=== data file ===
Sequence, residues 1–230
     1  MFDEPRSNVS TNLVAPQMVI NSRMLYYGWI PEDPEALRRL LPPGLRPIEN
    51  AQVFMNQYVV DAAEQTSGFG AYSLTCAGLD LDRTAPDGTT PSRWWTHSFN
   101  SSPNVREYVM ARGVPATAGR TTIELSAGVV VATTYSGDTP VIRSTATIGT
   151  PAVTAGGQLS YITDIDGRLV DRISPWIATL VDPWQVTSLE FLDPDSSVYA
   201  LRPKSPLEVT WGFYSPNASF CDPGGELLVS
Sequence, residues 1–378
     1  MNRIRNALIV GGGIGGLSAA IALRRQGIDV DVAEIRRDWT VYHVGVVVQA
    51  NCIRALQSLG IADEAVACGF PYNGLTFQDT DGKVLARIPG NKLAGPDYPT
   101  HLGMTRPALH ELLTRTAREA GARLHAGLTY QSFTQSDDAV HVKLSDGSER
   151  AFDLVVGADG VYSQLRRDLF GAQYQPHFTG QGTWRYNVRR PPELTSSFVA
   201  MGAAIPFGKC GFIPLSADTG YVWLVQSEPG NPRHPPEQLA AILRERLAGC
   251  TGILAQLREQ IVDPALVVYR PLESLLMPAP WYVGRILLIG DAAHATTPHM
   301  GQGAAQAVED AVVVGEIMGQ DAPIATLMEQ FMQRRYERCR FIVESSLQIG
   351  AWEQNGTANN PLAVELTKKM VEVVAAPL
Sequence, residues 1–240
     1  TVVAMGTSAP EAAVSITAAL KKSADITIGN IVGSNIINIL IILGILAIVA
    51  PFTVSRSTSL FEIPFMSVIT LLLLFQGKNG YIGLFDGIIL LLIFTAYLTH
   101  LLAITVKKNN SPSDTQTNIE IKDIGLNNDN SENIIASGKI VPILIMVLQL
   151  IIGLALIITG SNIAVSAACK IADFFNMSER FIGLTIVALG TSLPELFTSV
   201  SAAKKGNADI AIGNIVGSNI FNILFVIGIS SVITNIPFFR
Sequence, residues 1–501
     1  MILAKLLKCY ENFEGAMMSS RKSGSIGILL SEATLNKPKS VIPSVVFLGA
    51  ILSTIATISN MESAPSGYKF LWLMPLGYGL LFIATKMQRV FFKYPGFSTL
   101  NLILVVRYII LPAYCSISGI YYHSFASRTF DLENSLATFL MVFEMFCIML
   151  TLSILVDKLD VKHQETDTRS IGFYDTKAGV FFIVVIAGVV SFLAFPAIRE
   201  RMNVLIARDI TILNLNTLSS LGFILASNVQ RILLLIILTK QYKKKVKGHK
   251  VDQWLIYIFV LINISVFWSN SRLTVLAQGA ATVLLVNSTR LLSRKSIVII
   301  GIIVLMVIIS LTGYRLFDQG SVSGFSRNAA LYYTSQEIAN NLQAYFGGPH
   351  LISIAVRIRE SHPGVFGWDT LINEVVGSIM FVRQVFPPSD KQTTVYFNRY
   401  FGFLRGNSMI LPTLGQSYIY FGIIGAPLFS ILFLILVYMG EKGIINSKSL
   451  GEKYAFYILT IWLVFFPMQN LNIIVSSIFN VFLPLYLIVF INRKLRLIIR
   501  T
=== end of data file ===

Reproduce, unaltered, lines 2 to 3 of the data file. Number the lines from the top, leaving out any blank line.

     1  MFDEPRSNVS TNLVAPQMVI NSRMLYYGWI PEDPEALRRL LPPGLRPIEN
    51  AQVFMNQYVV DAAEQTSGFG AYSLTCAGLD LDRTAPDGTT PSRWWTHSFN